ABSTRACT: Treatment of HIV-1 infection has been highly successful with small molecule drugs. However, resistance still develops. In addition, long-term use can lead to toxicity with unpredictable effects on health. Finally, current drugs do not lead to HIV-1 eradication. The presence of the virus leads to chronic inflammation, which can result in increased morbidity and mortality after prolonged periods of infection. Monoclonal antibodies (mAbs) have been highly successful during the past two decades for therapy of many diseases, primarily cancers and immune disorders. They are relatively safe, especially human mAbs that have evolved in humans at high concentrations to fight diseases and long-term use may not lead to toxicities. Several broadly neutralizing mAbs (bnmAbs) against HIV-1 can protect animals but are not effective when used for therapy of an established infection. We have hypothesized that HIV-1 has evolved strategies to effectively escape neutralization by full-size antibodies in natural infections but not by smaller antibody fragments. Therefore, a promising direction of research is to discover and exploit antibody fragments as potential candidate therapeutics against HIV-1. Here we review several bnmAbs and engineered antibody domains (eAds), their in vitro and in vivo antiviral efficacy, mechanisms used by HIV-1 to escape them, and strategies that could be effective to develop more powerful mAb-based HIV-1 therapeutics.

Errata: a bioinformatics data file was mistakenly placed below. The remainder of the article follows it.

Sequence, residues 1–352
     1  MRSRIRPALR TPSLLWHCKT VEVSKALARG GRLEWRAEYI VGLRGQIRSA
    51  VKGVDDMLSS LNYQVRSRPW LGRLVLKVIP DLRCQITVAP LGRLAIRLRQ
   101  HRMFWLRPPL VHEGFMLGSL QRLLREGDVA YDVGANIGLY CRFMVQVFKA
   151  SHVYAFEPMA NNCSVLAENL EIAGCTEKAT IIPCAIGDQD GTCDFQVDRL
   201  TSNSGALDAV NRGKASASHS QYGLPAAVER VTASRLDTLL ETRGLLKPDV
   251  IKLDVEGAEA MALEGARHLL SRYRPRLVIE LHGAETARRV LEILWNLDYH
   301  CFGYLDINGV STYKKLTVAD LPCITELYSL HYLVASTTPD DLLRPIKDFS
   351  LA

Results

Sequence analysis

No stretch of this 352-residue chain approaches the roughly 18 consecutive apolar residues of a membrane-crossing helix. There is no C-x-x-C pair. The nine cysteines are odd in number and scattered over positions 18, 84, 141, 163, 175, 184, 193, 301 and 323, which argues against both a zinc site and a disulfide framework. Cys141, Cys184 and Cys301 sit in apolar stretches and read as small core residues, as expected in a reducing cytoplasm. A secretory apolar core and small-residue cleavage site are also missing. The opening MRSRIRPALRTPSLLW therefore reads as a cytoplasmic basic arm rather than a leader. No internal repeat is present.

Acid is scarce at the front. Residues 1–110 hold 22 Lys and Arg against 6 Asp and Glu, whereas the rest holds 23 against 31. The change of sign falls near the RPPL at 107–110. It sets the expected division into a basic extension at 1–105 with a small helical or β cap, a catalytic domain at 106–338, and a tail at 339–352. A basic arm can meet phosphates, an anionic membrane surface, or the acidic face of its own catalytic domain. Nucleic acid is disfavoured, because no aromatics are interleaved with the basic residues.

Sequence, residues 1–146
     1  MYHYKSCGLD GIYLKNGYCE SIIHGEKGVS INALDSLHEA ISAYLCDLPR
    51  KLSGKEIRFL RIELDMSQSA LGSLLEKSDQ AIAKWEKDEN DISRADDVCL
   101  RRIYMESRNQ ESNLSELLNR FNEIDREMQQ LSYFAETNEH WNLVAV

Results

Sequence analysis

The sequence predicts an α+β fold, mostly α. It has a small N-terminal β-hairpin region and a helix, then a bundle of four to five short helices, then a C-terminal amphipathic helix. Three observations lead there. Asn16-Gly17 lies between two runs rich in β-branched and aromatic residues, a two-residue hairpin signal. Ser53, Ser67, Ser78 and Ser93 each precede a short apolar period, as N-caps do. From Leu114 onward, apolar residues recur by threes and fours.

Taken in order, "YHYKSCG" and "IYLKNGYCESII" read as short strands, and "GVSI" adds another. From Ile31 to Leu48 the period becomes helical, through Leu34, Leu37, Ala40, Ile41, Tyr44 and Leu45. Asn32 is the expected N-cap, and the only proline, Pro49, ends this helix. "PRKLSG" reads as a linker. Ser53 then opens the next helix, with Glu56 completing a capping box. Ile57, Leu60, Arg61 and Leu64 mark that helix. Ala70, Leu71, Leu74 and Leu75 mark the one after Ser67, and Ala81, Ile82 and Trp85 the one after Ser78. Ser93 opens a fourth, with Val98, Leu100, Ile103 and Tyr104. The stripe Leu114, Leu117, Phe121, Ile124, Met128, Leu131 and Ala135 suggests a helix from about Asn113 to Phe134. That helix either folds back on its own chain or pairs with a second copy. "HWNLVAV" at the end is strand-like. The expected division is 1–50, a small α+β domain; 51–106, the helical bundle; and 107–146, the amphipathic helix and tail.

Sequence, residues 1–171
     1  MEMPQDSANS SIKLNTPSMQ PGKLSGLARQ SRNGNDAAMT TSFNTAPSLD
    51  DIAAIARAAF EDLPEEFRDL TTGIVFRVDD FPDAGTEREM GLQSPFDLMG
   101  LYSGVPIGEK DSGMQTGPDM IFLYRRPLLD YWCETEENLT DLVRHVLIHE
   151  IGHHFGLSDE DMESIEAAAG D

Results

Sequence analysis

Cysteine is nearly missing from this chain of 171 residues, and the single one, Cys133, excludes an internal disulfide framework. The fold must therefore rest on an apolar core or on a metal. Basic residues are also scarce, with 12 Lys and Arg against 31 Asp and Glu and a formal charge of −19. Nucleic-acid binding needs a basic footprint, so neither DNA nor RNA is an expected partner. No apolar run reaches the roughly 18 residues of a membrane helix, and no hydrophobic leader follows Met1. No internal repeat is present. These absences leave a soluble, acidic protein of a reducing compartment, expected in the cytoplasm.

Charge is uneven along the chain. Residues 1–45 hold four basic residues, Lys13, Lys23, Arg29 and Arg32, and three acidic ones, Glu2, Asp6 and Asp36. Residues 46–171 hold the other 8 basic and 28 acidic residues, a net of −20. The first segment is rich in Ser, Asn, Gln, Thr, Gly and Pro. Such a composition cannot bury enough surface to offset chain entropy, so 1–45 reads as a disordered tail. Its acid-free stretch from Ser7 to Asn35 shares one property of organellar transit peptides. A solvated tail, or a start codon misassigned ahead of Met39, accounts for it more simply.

9 Review Liver disease, HIV and aging. 2011

Falade-Nwulia, Oluwaseun / Thio, Chloe L. ·Johns Hopkins University, School of Medicine, Baltimore, MD 21231, USA. faladeoo@cc.nih.gov ·Sex Health · Pubmed #22127037.

ABSTRACT: The life expectancy of HIV-infected patients has increased due to the efficacy of highly active antiretroviral therapy (HAART) in controlling HIV replication; thus, the population living with HIV infection is steadily aging. Liver-related morbidity and mortality has emerged as a leading problem in HIV-infected patients. Since aging, HIV infection and HAART all affect the liver, understanding the impact of the combination of these factors on liver disease is crucial for optimisation of care in the aging HIV-infected population. This review will focus on the current understanding of liver disease in older (>50 years old) HIV-negative individuals and in HIV-infected individuals. Areas for future research in the area of HIV, liver disease and aging will also be discussed.

10 Clinical Trial Phase 2 Placebo-Controlled Trial of Two Vaccines to Prevent Ebola in Liberia. 2017